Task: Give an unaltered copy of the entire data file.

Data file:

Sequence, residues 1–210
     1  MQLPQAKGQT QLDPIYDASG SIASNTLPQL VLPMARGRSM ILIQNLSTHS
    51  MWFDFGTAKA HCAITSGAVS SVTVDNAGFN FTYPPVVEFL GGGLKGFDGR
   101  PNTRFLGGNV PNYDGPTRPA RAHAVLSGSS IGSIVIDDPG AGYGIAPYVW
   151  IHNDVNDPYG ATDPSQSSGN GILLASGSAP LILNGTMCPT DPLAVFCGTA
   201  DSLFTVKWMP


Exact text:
Sequence, residues 1–210
     1  MQLPQAKGQT QLDPIYDASG SIASNTLPQL VLPMARGRSM ILIQNLSTHS
    51  MWFDFGTAKA HCAITSGAVS SVTVDNAGFN FTYPPVVEFL GGGLKGFDGR
   101  PNTRFLGGNV PNYDGPTRPA RAHAVLSGSS IGSIVIDDPG AGYGIAPYVW
   151  IHNDVNDPYG ATDPSQSSGN GILLASGSAP LILNGTMCPT DPLAVFCGTA
   201  DSLFTVKWMP